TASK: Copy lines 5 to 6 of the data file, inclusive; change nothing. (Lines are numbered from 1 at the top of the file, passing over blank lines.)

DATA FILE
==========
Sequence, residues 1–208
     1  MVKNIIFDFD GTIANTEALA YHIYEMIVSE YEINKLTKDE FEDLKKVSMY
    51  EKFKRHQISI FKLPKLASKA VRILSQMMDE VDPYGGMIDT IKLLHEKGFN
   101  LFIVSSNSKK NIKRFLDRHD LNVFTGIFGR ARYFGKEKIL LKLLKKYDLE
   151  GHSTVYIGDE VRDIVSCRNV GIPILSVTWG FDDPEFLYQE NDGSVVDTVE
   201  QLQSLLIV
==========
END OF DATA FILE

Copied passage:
   151  GHSTVYIGDE VRDIVSCRNV GIPILSVTWG FDDPEFLYQE NDGSVVDTVE
   201  QLQSLLIV